Research by advertising research firm WARC that covered 100 markets worldwide showed that 2020 was the worst year on record for traditional advertising media, while the online market failed to record growth for the first time since the Dotcom crash.
Ad spend excluding political campaigning was down by 11 per cent to $US552 billion this year with the rate of decline double that of the last recession in real terms. The automotive, retail, and travel and tourism sectors all cut ad budgets sharply this year, WARC has revealed.
Other key findings included:
- Media owners saw revenues fall by a combined $US63 billion in 2020.
- Ad market decline this year is double that of the Great Recession after accounting for inflation.
- Ad investment is forecast to rise by 6.7 per cent next year, meaning only 59 per cent of this year’s losses will be recouped.
- The majority of ad money will be transacted by machines for the first time in 2021.
- Online video is the only format to have its 2020 growth estimate upgraded, and it will lead growth in 2021.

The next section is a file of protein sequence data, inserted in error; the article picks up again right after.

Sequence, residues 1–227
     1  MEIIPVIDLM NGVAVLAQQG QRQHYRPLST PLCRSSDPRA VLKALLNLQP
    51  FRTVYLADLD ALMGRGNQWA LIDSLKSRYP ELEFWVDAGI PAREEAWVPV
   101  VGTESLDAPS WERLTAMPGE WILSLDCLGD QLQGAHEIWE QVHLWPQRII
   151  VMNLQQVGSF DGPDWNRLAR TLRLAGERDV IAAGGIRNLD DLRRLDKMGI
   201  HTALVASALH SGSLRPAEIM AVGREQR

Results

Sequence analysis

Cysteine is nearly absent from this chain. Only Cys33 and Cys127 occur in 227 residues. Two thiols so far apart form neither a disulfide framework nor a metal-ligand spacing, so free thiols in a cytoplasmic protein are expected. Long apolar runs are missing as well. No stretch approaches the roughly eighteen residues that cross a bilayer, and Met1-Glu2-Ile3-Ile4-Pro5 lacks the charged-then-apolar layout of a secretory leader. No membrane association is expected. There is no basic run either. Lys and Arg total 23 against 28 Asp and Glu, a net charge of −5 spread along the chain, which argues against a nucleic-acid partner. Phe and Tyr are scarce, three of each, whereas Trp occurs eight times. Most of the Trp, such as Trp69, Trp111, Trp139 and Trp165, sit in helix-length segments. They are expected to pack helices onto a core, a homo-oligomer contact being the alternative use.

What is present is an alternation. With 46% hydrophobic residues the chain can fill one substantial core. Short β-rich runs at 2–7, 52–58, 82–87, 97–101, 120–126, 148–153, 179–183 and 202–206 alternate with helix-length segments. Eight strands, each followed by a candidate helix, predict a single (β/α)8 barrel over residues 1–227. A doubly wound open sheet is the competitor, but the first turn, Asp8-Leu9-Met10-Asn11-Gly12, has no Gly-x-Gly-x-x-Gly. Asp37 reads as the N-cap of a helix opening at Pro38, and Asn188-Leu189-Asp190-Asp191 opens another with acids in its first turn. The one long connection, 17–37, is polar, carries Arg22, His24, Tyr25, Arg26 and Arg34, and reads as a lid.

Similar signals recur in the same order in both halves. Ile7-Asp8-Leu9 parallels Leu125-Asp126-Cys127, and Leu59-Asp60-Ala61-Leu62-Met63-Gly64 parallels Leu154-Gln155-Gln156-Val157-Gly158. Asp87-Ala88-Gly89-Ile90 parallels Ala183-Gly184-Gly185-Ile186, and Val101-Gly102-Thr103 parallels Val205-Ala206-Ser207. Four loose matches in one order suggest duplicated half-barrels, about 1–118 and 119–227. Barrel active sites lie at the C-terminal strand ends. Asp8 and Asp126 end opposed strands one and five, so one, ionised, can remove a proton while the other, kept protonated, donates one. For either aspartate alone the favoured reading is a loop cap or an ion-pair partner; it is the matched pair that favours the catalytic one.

- All product categories are set to increase spend next year, though only three will top their 2019 total.
The latest WARC data appears a little more dramatic than similar research released by GroupM yesterday that found global ad spends had fallen by 5.8 per cent on an underlying basis (excluding-US political advertising).
However it was a much better expectation than GroupM’s June forecast of an 11.9 per cent decline for 2020, but still a sharp fall from 2019’s 8.7 per cent growth rate. Based on the resiliency of digital advertising through the pandemic, GroupM has updated its 2021 outlook for the global advertising market from its June forecast of 8.2 per cent to 12.3 per cent growth.
Also arriving yesterday was the latest data from IPG’s media research and intelligence division Magna that found Australia’s advertising market had declined by -6.2 per cent in 2020 to $15.7 billion dollars as GDP shrinks by -4.5 per cent due to the COVID-triggered recession. Read the full report here.